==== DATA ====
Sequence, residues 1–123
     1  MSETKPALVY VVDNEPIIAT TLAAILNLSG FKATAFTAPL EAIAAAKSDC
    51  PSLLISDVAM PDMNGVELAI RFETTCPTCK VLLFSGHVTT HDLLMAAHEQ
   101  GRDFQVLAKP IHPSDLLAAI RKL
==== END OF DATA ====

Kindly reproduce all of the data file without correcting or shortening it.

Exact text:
Sequence, residues 1–123
     1  MSETKPALVY VVDNEPIIAT TLAAILNLSG FKATAFTAPL EAIAAAKSDC
    51  PSLLISDVAM PDMNGVELAI RFETTCPTCK VLLFSGHVTT HDLLMAAHEQ
   101  GRDFQVLAKP IHPSDLLAAI RKL